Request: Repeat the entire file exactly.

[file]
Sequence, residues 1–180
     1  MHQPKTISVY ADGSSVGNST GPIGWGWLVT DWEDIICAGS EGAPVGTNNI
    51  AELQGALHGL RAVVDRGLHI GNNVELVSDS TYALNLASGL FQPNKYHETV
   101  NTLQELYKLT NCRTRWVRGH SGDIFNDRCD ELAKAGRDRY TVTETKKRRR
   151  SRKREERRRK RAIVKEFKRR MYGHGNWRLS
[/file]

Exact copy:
Sequence, residues 1–180
     1  MHQPKTISVY ADGSSVGNST GPIGWGWLVT DWEDIICAGS EGAPVGTNNI
    51  AELQGALHGL RAVVDRGLHI GNNVELVSDS TYALNLASGL FQPNKYHETV
   101  NTLQELYKLT NCRTRWVRGH SGDIFNDRCD ELAKAGRDRY TVTETKKRRR
   151  SRKREERRRK RAIVKEFKRR MYGHGNWRLS